AUBURN UNIVERSITY – A collaborative effort between Auburn University and construction professionals will allow visitors to the Southeastern Raptor Center to have better and safer viewing of birds of prey from an environmentally friendly walkway.
Students in a Structures III class taught by Michael Hein, a professor in the McWhorter School of Building Science, working with Auburn Facilities Division and private contractors, prepared the site and placed the more than 300 linear feet of pervious concrete – a material that supports load while it allows water to pass through and reduces the environmental effects of stormwater runoff.
The walkway is behind the bird mews at the Southeastern Raptor Center, a division of the College of Veterinary Medicine at Auburn University.
In addition to about 30 College of Architecture, Design and Construction students, Facilities Division employees and construction professionals, the work has been under the watchful eye of 26 birds of prey, including War Eagle VI, known as Tiger; War Eagle VII, known as Nova; and Spirit.
Dale Fisher with the National Pervious Concrete Pavement Association, who is considered by industry executives to be the creator of pervious concrete, was on hand to oversee the project. “I came to help with the logistics of the job because it is one of the most challenging, if not the most challenging, pour we’ve ever done because it is angled, narrow and we’re pouring against concrete block,” Fisher said.
“We love Auburn and I commend them for what they have done in teaching and research related to pervious concrete,” Fisher said. “Auburn was working with pervious concrete 10 years ago and really set the pace. Plus, I was greeted by Spirit, a bald eagle housed and cared for by the Southeastern Raptor Center, so it doesn’t get any better than that.”
The idea to replace the current gravel walkway was that of Southeastern Raptor Center staff members Marianne Hudson and Andrew Hopkins, who conduct numerous private tours of the center. “The gravel has caused issues for the disabled, those with strollers and the elderly,” Hudson said.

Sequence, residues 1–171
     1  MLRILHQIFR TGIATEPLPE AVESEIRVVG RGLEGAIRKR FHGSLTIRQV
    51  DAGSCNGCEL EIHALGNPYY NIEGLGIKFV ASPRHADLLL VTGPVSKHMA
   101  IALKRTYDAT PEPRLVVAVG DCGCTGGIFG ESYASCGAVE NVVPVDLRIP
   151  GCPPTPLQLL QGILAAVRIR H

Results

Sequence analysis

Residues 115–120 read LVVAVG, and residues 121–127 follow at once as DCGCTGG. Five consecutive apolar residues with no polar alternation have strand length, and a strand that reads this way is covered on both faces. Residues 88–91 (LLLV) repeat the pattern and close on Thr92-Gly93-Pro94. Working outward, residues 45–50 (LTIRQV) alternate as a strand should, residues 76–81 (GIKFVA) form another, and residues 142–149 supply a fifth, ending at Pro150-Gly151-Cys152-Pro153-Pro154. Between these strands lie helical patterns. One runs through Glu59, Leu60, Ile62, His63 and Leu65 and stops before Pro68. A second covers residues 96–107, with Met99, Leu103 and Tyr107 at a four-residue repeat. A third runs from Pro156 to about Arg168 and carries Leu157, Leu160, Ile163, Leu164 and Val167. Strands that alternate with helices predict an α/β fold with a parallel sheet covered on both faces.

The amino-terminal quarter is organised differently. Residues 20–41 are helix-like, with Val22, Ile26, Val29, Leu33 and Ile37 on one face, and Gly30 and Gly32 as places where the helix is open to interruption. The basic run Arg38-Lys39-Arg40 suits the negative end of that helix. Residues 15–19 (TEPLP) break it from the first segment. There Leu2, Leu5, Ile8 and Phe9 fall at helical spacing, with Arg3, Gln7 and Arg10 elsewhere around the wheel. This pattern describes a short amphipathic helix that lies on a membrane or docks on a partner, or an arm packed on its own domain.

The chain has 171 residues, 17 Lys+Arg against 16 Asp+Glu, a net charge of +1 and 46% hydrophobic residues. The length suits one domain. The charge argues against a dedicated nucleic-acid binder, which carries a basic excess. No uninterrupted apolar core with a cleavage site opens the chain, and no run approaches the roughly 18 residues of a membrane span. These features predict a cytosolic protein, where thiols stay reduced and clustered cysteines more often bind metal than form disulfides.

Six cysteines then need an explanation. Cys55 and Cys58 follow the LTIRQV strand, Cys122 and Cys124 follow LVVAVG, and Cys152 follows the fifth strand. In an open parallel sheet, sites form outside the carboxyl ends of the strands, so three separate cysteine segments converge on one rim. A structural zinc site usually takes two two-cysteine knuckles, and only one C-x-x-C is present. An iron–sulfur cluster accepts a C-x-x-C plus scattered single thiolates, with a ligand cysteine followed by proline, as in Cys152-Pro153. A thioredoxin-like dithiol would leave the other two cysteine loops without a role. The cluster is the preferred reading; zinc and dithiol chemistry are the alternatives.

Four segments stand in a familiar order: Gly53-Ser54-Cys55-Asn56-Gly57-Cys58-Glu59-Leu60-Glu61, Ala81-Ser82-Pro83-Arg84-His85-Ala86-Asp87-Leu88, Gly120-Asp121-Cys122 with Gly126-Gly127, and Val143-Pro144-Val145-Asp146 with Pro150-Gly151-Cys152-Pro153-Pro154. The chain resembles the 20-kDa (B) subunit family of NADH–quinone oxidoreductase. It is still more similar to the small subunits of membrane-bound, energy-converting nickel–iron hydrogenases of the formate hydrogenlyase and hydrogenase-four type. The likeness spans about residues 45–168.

Hopkins was walking with a friend in the university’s Davis Arboretum and learned about pervious concrete and began conversations as to the best way to pave the area at the Southeastern Raptor Center. “We’ve wanted it done for years because we average about one private tour each week and we have had challenges walking behind the mews,” Hopkins said.
Although pervious concrete has been around since the 1970s and is considered a Best Management Practice by the EPA, it is not a widely used material in Alabama, so students will learn information they can take to the workforce. Over the past 10 years, Hein and students in his previous structures classes have used the material on several campus projects, including parking lots and more than 1,000 linear feet of walkways in the arboretum.
Pervious concrete is a mixture of coarse aggregate, Portland cement and special admixtures. The stiff mixture is deposited and compressed with a spinning roller. The result is a high permeability concrete that supports loads and drains quickly.
University Facilities has played an important role in the project, with staff and equipment being used. Several corporations are also involved, including The National Pervious Concrete Pavement Association, Alabama Concrete Industries Association, Ready Mix USA Concrete of Opelika, FORTA Corporation and Estes Landscape Design.
(Written by Janet McCoy.)
Contact: Janet Mccoy, College of Veterinary Medicine, (334) 844-3698 (firstname.lastname@example.org),
Colleen Bourdeau, College of Architecture, Design and Construction, (334) 844-4590, (email@example.com) or Mike Clardy, Office of Communications and Marketing, (334) 844-9999 (firstname.lastname@example.org)